Exercise, cleanliness, and good skin care were as important in the 19th century as today. Back then a proper lady would not leave the house without covering her head with a bonnet, protecting her hands with gloves, and shading her skin with a parasol. Pale white skin had been highly prized for centuries, for it set a lady of quality apart from the working classes. Some women used dangerous cosmetics made of lead oxide to whiten their skin. These lotions, when used repeatedly, could lead to death or paralysis. It made more sense to follow a natural and safer regimen for preserving one’s looks:

“When the freshness of virgin youth vanishes; when Delia passes her teens, and fastly approaches her thirtieth year, she may then consider herself in the noon of the day, but the sun which shines so brightly on her beauties, declines while he displays them, and a few short years, and the jocund step, the airy habit, the sportive manner, all must pass away with the flight of Time. Before this happens, it would be well for her to remember that is is wise er to throw a shadow over her yet unimpaired charms, than to hold them in the light till they are seen to decay. (The Mirror of Graces, A Lady of Distinction, 1811, p 30)

Such a shadow would be provided by a parasol, a canopy over a carriage, or an awning when eating out of doors. Exercise, while considered healthy, would have been performed in moderation. Daily walks were encouraged, but too vigorous an exertion was not deemed wise. A lady should not exercise to the point of sweating or turning her face red, as Elizabeth Bennet did when she walked three miles to Netherfield to be with her sick sister. In this regard, a Lady of Distinction noted:

The preservation of an agreeable complexion (which always presupposes health,) is not the most insignificant of exterior charms….The frequent and sudden changes from heat to cold, by abruptly exciting or repressing the regular secretions of the skin, roughen its texture, injure its hue, and often deform it with unseemly, though transitory, eruptions. All this is increased by the habit ladies have of exposing themselves unveiled, and frequently without bonnets, in the open air. The head and face have no defense against the attacks of the surrounding atmosphere, and the effects are obvious. (The Mirror of Graces, P 42)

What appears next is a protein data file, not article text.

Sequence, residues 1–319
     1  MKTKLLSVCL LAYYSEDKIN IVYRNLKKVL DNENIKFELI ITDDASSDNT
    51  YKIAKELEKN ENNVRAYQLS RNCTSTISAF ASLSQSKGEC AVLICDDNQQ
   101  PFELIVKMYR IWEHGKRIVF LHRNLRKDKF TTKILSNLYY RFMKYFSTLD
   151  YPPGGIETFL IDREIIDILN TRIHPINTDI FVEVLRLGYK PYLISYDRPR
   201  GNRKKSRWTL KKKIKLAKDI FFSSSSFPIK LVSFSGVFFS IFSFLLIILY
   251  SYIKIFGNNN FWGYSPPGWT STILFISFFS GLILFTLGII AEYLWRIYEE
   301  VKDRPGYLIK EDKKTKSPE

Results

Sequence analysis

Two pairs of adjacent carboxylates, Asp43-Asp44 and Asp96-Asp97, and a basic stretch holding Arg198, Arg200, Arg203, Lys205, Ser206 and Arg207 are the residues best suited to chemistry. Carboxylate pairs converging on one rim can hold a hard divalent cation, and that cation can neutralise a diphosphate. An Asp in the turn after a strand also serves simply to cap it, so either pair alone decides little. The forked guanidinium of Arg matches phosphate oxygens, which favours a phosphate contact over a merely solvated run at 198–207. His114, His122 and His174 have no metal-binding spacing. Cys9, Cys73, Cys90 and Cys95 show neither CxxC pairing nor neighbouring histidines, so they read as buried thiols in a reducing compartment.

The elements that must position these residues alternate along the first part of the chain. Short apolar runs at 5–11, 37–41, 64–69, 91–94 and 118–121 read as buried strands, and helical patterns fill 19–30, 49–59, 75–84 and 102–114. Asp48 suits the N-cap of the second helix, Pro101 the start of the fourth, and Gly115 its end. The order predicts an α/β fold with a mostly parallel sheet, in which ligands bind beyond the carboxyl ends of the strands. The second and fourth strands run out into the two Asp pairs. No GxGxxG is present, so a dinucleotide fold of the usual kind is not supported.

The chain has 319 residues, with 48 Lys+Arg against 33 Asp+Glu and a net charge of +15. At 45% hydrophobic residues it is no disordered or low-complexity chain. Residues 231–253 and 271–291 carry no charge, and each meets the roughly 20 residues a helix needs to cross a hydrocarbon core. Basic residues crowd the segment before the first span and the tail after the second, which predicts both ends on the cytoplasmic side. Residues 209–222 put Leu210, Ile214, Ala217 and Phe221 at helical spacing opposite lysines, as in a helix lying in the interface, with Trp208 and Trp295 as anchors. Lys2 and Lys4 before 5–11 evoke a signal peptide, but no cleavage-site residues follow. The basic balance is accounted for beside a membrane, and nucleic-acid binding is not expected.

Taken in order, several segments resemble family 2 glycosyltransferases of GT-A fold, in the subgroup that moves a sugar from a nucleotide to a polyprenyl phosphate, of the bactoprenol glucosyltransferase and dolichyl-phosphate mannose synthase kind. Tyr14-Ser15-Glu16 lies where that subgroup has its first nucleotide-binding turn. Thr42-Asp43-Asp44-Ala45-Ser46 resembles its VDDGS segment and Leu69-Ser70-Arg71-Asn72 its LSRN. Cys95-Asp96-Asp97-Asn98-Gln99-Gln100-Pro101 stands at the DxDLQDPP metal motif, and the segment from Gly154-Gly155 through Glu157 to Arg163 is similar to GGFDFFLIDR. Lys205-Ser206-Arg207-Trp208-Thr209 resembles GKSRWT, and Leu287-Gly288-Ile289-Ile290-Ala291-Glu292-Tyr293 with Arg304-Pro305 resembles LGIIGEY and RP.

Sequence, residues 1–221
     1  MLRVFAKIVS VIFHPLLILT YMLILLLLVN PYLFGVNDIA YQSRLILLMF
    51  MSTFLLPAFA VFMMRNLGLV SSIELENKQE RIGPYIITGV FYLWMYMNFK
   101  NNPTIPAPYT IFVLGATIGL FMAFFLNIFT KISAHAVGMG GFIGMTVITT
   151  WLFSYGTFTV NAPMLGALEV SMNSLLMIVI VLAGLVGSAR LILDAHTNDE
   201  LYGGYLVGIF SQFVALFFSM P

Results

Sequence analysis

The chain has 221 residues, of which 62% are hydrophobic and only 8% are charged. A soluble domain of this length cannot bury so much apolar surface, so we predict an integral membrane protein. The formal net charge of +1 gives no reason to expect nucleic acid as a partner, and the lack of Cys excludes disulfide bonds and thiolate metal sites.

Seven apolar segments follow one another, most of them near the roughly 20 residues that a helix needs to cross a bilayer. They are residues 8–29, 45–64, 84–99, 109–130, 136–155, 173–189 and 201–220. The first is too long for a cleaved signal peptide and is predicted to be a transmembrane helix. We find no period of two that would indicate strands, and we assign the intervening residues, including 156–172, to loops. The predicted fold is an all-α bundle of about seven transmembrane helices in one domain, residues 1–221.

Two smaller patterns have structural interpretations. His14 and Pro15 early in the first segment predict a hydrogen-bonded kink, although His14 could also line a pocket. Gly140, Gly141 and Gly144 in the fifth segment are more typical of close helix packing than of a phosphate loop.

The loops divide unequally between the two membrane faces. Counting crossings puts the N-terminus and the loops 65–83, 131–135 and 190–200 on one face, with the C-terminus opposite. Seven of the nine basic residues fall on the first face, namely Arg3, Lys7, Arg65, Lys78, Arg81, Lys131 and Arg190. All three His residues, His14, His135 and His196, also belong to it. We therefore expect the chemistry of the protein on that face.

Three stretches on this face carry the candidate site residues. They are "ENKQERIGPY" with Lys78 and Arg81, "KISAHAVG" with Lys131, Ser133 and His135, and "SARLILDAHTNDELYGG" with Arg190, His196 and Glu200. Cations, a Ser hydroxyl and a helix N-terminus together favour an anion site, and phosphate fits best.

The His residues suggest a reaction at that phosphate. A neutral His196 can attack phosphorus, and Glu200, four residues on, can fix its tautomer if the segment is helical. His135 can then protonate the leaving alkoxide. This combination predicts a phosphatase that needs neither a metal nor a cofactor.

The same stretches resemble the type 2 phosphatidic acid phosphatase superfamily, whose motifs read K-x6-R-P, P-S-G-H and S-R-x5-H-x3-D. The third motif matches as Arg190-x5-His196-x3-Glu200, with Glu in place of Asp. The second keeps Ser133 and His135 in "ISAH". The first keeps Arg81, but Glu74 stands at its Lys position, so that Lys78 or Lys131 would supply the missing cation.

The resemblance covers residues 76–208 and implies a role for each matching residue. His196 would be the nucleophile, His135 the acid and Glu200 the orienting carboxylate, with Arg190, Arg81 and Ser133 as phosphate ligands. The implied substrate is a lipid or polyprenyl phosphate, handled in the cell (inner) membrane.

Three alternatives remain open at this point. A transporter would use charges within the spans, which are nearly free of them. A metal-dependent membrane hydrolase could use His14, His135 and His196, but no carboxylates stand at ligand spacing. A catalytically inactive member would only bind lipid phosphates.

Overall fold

Almost a century later, the Household Companion: The Home Book Of Etiquette, written by Alice A. Johnson, Mrs. Janet McKenzie Hill, and Dr. Henry HartShorne extolled a similar beauty regimen. In addition to protecting the skin from the sun and encouraging mild forms of exercise, the book also recommended adequate sleep. The authors quoted a charming old lady, who …

… revealed the secret of her fair and rosy complexion to a group of young women as follows : ” Late hours,” said she, ” and oversleeping ruin the complexion. Go to bed early, arise early, and you will grow old slowly, and retain your good looks to an advanced age. If, however, your position forces you into society and you are obliged to be up late at night, sleep an hour every afternoon. Before going to bed take a hot bath and remain in the water only a few moments. Then drink a cup of bouillon, and a small glass of Malaga wine. Sleep will soon follow, and last until the natural time of awakening, which is about ten o’clock in the morning under these circumstances. Take a cold plunge or sponge bath, a light breakfast of café au lait, and bread without any butter.” She continued: “Out-of-door exercise is an absolute necessity, but must not be carried to excess. A daily walk is excellent, and it is scarcely necessary to say that whole days of lawn tennis, croquet, etc., are not favorable to the complexion.”

One imagines that this elderly lady had heard these beauty tips from female friends and relatives who had lived during the early 19th century. Milky white skin remained a hallmark of beauty until the 1920s when Coco Chanel created a stir with the tan she acquired on the Duke of Westminster’s yacht.

  • 2nd image: picnic on Boxhill, Emma 1996